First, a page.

• Support– Find a support group! Whether it be your family or friends, having people that would listen to you talk is very beneficial. Try talking about how you’re feeling to those who understand you.
  • Knowledge– Educate yourself on the situation. People can tell you one thing, but are they really true? Limit your news intake and check whether these sources are trustworthy or not. There’s a difference between educating yourself and filling yourself with information.
  • Physical Health– Although it may sound irrelevant, mental health and physical health go hand in hand. Even if it’s a simple walk or a yoga session, moving your body physically can help alleviate stress. It’s important to keep a healthy body for a healthy mind.

If you or someone you know is struggling with Anxiety or any other mental illnesses, please contact our psychotherapy offices in New York or New Jersey to talk to one of our licensed professional psychologists, psychiatrists, psychiatric nurse practitioners, or psychotherapists at Arista Counseling & Psychotherapy. Contact our Paramus, NJ or Manhattan, NY offices respectively, at (201) 368-3700 or (212) 722-1920 to set up an appointment. For more information, please visit http://www.counselingpsychotherapynjny.com

Reference:

https://www.psychologytoday.com/us/blog/beyond-the-doubt/202003/respond-instead-react-managing-covid-19-anxiety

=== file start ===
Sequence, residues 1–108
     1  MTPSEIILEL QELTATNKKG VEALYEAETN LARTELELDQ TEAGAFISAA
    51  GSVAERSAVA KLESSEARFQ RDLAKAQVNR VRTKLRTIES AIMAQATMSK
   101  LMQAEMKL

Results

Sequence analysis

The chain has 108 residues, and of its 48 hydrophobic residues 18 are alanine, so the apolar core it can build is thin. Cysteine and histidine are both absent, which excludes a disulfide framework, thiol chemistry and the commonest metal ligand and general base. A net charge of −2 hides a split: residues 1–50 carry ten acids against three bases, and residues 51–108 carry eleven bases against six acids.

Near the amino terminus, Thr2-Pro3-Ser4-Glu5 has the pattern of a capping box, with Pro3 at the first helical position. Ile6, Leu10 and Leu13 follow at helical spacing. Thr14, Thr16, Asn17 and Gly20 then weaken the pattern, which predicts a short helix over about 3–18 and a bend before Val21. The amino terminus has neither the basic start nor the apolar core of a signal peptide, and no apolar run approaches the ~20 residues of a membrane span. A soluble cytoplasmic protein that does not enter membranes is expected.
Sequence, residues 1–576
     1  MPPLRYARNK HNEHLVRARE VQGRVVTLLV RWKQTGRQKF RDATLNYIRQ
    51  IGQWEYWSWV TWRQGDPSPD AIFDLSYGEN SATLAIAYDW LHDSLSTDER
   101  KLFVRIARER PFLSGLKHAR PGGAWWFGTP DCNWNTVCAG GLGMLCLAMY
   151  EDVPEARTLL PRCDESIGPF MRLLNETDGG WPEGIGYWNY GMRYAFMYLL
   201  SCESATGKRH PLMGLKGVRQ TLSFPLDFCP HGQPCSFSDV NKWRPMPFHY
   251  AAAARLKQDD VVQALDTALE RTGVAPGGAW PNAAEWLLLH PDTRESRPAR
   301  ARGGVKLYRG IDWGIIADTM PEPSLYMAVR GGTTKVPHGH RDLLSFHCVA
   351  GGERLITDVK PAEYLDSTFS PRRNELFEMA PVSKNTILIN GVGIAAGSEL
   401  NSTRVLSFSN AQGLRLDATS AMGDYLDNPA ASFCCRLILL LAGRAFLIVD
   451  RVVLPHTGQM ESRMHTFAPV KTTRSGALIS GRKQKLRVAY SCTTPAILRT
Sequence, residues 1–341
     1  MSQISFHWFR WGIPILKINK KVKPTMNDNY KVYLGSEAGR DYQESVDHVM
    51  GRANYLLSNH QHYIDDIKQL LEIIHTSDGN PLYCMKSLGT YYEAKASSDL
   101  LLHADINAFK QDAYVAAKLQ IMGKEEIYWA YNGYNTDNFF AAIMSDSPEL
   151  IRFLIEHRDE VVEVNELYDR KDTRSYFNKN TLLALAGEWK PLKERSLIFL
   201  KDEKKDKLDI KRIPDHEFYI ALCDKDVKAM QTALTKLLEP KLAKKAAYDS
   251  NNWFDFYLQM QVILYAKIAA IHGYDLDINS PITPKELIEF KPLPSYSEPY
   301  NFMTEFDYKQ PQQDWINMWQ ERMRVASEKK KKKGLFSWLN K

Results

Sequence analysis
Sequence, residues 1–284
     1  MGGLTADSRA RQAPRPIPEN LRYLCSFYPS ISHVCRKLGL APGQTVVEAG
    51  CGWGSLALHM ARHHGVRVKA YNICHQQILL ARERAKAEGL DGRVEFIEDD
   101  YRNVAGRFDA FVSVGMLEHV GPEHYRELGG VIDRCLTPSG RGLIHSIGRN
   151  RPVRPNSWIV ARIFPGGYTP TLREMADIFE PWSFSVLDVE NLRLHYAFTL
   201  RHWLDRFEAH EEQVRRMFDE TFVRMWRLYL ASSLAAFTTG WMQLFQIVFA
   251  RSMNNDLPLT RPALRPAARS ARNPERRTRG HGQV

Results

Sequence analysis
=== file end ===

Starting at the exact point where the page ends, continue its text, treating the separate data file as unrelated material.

https://www.realsimple.com/health/mind-mood/stress/manage-back-to-school-stress-coronavirus

Anxiety, Depression, Eating Disorders, ADHD, Et al: How to Support a Friend with Mental Illness

By: Sarah Cohen

When helping a friend with a mental illness, the first step should be assessment of their symptoms. Sometimes they just might be going through a difficult time, but if certain common symptoms associated with mental health issues persist it is imperative to respond sensitively. Majority of the time, friends will just want to know they have your support and that you care about them. A good way to show your support is by talking to them. If you provide a non-judgmental space for them to speak about their issues it will help encourage them to be open with their problems. Let them lead the conversation and don’t pressure them to reveal information. It can be incredibly difficult and painful to speak about these issues and they might not be ready to share everything. If you aren’t their therapist do not diagnose them or make assumptions about how they are feeling, just listen and show you understand. If someone doesn’t want to speak with you, don’t take it personally, just continue to show them you care about their wellbeing and want to help as much as possible. Just knowing they have support can give them the strength they need to contact someone who can help them.

If a friend is having a crisis, such as a panic attack or suicidal thoughts, you must stay calm. Try not to overwhelm them by asking a lot of questions and confronting them in a public setting. Ask them gently what would be helpful to them right now or reassure them. If they hurt themselves, get first aid as soon as possible. If someone is suicidal, contact the suicide hotline at 800-237-8255 immediately.

The best way to help someone is by connecting them to professional help. By expressing your concern and support you can show them that they can get help and their mental health problems can be treated.